Review: Wool! A History of the Australian Wool Industry: The Musical

2 years ago
Aidan Johnson

History is more than textbooks and musty tomes – it is a lived experience that is full of emotions. In that way, an unpolished yet fun musical show can be a good starting point for looking into history. While there were flaws in the performance – it needs some work to tighten itself up – it certainly has the makings of an inspiring take on what is a fundamental part of Australian history: the Macarthur family and the start of the Australian wool industry.

Unfortunately for the writer of the musical, this reviewer happened to study the Rum Rebellion, and has a slightly different take on the events as well as on the character of John Macarthur. Nevertheless, it is a well-researched play, and is, essentially, an excited historian enthusing over one of their favourite people in history. (We have all been there, fear not). That historian is comedian Kit Richards, and the product of that excitement is Wool! A History of the Australian Wool Industry: The Musical.

Music wise the performance was solid. Strong vocals from the singers and the use of the piano, and catchy tunes are all that are really needed to carry a musical, and they made it very engaging. Had this been a regular stand-up comedian the show would have been much more flat – but having music  added enough flavour and professionalism so that the other aspects that weren’t as smooth were able to be accommodated by the audience.

Production wise it was well done. It was revealed that this was their first time performing in that space, and so the performer’s ability to use their variety of hats and props was impressive. The prop use really added character, and helped the audience identify who the songs were about, though there could have been more use of the props generally. This can be a problem with single person plays – difficulties in changing characters – but it was handled well, and nothing was overly confusing.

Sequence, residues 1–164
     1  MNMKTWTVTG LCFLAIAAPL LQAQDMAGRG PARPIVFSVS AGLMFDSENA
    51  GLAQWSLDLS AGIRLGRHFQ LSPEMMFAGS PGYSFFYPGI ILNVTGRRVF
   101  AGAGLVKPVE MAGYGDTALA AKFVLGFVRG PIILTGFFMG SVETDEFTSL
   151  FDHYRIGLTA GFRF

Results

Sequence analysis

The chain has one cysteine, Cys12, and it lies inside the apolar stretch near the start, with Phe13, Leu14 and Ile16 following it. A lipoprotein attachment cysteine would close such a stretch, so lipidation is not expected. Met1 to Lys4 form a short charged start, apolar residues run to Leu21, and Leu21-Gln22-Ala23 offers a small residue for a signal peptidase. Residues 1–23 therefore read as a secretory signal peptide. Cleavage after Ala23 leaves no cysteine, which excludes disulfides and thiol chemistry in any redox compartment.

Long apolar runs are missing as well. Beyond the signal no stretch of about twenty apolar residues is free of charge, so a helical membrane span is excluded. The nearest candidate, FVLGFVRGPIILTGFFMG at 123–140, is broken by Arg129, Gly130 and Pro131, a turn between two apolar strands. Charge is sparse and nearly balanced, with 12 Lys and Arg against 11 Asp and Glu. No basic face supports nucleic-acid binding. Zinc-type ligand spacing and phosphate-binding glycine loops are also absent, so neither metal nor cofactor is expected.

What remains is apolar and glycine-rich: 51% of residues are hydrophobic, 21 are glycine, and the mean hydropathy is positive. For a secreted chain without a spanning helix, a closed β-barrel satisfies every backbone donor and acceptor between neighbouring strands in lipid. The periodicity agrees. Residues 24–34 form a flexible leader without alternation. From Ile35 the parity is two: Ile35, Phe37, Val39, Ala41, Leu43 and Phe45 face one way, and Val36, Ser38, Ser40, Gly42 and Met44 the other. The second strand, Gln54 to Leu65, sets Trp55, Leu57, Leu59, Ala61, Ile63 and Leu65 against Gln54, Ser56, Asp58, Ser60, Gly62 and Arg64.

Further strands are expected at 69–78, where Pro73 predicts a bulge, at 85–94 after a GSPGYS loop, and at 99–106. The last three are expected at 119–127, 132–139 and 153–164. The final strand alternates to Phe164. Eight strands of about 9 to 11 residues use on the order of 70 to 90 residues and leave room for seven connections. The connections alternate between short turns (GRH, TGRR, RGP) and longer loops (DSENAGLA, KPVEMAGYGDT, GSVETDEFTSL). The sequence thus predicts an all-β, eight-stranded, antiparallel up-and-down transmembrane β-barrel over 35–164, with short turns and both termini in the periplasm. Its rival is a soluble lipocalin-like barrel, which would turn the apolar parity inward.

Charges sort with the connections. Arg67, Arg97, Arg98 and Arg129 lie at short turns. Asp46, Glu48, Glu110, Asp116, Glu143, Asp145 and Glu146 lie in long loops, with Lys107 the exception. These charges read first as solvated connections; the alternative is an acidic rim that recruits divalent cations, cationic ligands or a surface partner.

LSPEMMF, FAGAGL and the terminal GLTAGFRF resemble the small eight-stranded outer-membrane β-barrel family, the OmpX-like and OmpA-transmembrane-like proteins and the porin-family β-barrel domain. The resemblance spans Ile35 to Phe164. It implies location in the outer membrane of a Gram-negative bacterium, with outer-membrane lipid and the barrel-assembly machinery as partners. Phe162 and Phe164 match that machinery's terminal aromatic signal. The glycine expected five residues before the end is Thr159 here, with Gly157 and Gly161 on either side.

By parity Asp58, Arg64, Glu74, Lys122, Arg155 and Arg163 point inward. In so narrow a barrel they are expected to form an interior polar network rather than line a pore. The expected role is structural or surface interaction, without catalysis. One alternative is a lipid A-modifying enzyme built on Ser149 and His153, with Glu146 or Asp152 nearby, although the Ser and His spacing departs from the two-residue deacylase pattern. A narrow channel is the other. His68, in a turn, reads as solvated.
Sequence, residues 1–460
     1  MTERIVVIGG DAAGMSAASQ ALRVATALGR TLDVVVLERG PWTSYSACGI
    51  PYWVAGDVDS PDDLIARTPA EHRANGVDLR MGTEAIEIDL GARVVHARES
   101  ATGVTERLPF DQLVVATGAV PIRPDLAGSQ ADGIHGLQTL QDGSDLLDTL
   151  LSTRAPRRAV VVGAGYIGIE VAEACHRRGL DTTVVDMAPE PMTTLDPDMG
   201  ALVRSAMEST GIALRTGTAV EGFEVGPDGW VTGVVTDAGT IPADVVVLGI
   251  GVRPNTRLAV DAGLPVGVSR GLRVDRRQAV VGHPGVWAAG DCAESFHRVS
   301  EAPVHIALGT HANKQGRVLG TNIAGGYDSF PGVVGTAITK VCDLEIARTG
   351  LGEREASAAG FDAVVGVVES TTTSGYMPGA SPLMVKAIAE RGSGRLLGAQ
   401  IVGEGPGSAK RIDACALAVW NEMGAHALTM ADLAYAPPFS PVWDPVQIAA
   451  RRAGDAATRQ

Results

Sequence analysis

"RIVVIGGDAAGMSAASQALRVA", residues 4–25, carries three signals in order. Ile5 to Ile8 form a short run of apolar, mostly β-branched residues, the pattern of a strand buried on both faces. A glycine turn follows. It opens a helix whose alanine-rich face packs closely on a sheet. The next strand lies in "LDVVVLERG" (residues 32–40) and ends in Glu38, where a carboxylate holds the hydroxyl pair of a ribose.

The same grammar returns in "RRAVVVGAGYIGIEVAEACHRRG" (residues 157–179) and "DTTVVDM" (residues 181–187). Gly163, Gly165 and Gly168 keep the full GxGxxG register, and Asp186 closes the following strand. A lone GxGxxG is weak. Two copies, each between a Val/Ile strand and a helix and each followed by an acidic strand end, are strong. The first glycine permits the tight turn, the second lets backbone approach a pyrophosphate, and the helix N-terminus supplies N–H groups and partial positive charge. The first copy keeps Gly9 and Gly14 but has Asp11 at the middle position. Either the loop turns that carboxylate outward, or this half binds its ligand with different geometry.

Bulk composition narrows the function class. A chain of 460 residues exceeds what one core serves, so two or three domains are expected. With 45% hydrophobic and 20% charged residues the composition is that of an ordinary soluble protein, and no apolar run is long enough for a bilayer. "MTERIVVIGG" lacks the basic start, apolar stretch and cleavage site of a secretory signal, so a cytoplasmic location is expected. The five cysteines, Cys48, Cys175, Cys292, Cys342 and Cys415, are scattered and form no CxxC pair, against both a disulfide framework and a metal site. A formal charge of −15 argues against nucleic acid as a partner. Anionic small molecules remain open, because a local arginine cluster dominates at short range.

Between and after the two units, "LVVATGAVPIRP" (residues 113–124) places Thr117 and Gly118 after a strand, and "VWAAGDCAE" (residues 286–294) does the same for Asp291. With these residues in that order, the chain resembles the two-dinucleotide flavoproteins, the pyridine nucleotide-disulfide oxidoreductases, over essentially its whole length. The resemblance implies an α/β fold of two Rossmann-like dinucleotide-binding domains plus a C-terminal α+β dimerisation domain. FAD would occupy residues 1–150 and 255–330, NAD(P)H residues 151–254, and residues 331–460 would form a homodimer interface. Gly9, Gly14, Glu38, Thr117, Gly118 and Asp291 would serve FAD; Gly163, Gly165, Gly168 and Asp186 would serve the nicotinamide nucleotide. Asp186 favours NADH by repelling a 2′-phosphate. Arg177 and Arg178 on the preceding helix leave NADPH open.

Interesting choice of hats though.

The performance did seem quite underprepared however. Certainly elements of the nervous laughter could be chalked up to first night jitters, but it seemed a bit too rushed and clunky during the spoken sections to be fully attributable to this cause. Although they were improvised, they were more like “overly excited historian tries to explain her passion” rather than the casual ad-libbing of a trained comedic performer. While it something anyone with some form of passion can relate to, it can get old if not handled too well. Fortunately Richards was charming enough to ensure that it didn’t feel embarrassing, and added to the authenticity. Hopefully it is something she polishes up as the shows progress.

Overall,  Wool! The Musical is a very unpolished piece of work (as is often the case at Melbourne Fringe), but an entertaining and intellectually engaging one. This is the sort of show that would make history much more accessible to the everyday person on the street, with fun songs and solid research. It’s not a bad way to spend a Friday night.


Wool! A History of the Australian Wool Industry: the Musical is on at the Fringe Hub: Lithuanian Club until 22 September 2018 as part of the Melbourne Fringe. Tickets are available via the Melbourne Fringe website.

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